Global Cannabis Market to be Worth $130 Billion by 2029

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Cannabis is a booming market, with many anticipating that sales figures will double, triple, and quadruple in the coming years as more countries propose legislation legalizing recreational marijuana use. While a rising tide lifts all ships, not all companies are positioned to take advantage of this increase as much as some others.

Despite this, however, most analysts expect the major cannabis companies in U.S. and Canada to explode over the coming years. A New York-based investment bank, Jefferies Group LLC, has begun coverage over several companies in the cannabis industry on Monday as well as saying that the market could reach $130 billion by the end of 2029.



According to BNN Bloomberg, Jefferies has taken into account current legalization trends in Europe and Latin America, but for the sake of their projection only uses figures from currently legalized nations. The figure also includes other auxiliary niches such as edibles, pharmaceuticals, pet care, and other areas that can incorporate CBD-derivatives into their product lines.

For the sake of prudency, and due to a lack of visibility around the likelihood and timing of law changes in other markets, these projections only capture major markets (and U.S. states) where cannabis is currently legalized,” read their 254-page report issued by analysts Ryan Tomkins and Owen Bennet. “Given the prudent approach to our base, we could flag a reasonable chance that numbers could actually come in ahead of our projections.”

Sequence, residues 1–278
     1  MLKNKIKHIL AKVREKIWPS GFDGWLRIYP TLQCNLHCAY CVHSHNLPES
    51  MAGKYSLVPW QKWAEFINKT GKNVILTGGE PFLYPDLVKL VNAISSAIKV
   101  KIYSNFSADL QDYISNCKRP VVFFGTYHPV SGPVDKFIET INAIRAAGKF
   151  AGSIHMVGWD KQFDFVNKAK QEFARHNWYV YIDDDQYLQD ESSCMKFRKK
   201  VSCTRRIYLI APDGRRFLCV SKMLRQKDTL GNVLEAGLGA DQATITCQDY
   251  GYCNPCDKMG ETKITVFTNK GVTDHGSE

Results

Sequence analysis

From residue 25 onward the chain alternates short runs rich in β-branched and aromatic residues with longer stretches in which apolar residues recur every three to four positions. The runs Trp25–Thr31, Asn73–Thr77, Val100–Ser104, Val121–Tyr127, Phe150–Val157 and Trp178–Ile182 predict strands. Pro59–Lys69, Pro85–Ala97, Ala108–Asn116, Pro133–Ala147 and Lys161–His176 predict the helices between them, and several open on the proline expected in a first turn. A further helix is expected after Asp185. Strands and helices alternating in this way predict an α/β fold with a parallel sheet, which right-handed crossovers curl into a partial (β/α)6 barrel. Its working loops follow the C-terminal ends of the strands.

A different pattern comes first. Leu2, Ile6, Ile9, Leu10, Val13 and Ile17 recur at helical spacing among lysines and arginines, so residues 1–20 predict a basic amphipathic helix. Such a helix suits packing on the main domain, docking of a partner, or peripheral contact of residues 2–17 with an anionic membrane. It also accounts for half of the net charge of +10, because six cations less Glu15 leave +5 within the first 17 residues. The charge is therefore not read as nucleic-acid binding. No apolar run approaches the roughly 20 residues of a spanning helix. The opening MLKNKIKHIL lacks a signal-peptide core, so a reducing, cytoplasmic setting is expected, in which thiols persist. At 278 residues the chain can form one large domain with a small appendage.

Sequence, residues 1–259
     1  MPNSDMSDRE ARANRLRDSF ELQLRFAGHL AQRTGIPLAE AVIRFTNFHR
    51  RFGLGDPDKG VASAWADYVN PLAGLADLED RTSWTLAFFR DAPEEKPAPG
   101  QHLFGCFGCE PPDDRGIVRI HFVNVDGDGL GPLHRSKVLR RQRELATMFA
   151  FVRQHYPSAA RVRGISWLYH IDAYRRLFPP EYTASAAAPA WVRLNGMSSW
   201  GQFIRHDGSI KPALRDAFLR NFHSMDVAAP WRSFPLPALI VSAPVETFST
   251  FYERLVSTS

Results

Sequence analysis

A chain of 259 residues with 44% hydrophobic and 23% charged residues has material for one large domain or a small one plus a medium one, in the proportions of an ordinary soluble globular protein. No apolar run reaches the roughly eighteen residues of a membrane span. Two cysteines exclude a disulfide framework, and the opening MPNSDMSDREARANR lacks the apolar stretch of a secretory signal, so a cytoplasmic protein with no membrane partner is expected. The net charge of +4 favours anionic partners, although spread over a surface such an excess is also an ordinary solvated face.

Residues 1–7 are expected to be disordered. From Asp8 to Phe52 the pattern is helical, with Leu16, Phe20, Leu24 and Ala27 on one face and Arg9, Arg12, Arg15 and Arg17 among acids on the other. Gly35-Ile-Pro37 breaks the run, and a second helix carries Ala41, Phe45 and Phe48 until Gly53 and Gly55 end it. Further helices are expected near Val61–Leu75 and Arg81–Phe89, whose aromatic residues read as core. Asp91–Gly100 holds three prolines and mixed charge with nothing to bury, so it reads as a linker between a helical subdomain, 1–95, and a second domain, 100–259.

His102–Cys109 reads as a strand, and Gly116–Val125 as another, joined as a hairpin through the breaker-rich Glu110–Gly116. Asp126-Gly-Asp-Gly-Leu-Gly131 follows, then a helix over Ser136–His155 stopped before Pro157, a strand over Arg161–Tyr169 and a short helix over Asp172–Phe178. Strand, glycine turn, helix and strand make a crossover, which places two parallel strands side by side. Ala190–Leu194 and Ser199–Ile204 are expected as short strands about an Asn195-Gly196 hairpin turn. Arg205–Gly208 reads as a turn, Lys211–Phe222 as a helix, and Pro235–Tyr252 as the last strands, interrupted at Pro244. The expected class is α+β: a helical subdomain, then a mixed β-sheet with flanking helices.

The estimate goes on to include the current black-market surrounding cannabis, which is globally evaluated at between $150 billion to $200 billion. In contrast, the current legal cannabis market is estimated at around 12.3 billion. While the black market is expected to continue to operate for a while, each year a greater percentage of these illicit transactions will move over to legal alternatives.

“The above scenario materializing any time soon is highly unlikely, however,” Jefferies said. “First you would need all global markets to become legal, and then you would require all illicit users to switch over. Both [are] not going to happen,” the analysts added in reference to the illicit cannabis market.




Jefferies, in contrast to other financial institutions, had a bearish outlook on the cannabidiol (CBD) market, expecting the market to be worth only $3 billion within the next three years, reaching barely $4 billion by the end of 2029. This figure wildly differed from another report released by Cowen & Co., which estimated the U.S. CBD market would be $16 billion by 2025.

The estimate derived that figure assuming that a generous 10 percent of the U.S. population would use CBD products in one way or another and would spend on average $640 per person. Considering that some CBD products would be involved in large industries such as beauty products and health, such a figure seems quite possible. A survey conducted by Cowen indicated that out of a 2,500-sample population of adults, 6.9 percent of respondents use CBD as a supplement.

“This initial response piqued our interest considerably, as it was much higher than we would have suspected,” said Cowen analyst Vivien Azer in a note, comparing the figure to the 4.2 percent who reported to use e-cigarette devices and 19.6 percent who are current tobacco users.

Overall, the cannabis market reacted positively to this announcement, with many of the companies that Jefferies initiated coverage on saw increases in their stock price.

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